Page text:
In March 2009, in a small town in Malawi, a nurse at the local hospital was accused of teaching witchcraft to children. Amid swirling rumors, “Mrs. K.” tried to defend her reputation, but the community nevertheless grew increasingly hostile. The legal, social, and psychological trials that she endured in the struggle to clear her name left her life in shambles, and she died a few years later.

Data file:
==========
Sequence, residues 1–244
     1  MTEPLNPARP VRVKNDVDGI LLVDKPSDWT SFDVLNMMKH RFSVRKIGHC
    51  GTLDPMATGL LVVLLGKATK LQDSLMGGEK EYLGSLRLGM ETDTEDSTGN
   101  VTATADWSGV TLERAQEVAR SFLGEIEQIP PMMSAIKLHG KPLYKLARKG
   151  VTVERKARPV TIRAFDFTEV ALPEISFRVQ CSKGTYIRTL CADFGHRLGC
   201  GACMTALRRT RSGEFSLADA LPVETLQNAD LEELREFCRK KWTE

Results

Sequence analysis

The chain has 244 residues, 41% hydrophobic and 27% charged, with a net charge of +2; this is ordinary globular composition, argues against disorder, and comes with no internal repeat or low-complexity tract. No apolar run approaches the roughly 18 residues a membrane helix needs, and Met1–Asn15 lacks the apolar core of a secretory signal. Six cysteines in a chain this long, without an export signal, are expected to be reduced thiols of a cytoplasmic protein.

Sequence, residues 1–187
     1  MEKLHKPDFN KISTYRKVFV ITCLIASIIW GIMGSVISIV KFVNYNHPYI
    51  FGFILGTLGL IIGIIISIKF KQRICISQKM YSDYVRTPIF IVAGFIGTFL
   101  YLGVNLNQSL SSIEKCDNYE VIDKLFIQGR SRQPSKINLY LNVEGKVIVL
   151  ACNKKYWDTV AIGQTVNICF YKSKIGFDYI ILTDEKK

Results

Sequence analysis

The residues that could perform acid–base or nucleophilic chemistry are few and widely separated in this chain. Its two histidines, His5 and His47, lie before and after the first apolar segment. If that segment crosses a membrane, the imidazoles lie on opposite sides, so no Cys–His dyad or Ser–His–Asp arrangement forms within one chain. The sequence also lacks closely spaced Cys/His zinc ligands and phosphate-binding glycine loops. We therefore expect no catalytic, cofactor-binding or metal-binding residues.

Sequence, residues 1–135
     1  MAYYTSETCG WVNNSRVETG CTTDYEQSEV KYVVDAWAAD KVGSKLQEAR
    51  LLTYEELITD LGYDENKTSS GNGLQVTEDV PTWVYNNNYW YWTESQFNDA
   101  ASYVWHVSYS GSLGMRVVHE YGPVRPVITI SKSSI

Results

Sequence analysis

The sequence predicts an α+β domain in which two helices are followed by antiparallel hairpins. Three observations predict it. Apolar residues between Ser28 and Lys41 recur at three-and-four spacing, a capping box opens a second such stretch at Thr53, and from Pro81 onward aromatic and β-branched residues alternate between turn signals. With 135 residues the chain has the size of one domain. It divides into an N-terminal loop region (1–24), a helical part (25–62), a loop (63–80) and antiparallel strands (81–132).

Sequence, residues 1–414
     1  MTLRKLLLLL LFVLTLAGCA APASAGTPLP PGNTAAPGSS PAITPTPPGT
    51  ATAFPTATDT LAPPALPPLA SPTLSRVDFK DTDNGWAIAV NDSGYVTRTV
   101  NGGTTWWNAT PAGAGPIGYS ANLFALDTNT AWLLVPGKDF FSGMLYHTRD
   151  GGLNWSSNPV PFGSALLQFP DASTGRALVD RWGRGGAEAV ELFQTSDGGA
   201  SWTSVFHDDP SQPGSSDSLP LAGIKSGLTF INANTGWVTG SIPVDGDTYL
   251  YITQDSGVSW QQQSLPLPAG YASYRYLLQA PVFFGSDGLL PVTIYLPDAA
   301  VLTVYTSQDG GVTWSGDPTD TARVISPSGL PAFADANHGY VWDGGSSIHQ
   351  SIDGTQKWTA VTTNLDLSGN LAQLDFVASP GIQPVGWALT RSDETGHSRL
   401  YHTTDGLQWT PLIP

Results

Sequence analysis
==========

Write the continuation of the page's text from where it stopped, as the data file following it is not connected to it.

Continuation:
In The Trials of Mrs. K., Adam Ashforth studies this and similar stories of witchcraft that continue to circulate in Malawi. At the heart of the book is Ashforth’s desire to understand how claims to truth, the pursuit of justice, and demands for security work in contemporary Africa, where stories of witchcraft can be terrifying. Guiding us through the history of legal customs and their interactions with the court of public opinion, Ashforth asks challenging questions about responsibility, occult forces, and the imperfect but vital mechanisms of law. A beautifully written and provocative book, The Trials of Mrs. K. will be an essential text for understanding what justice means in a fragile and dangerous world.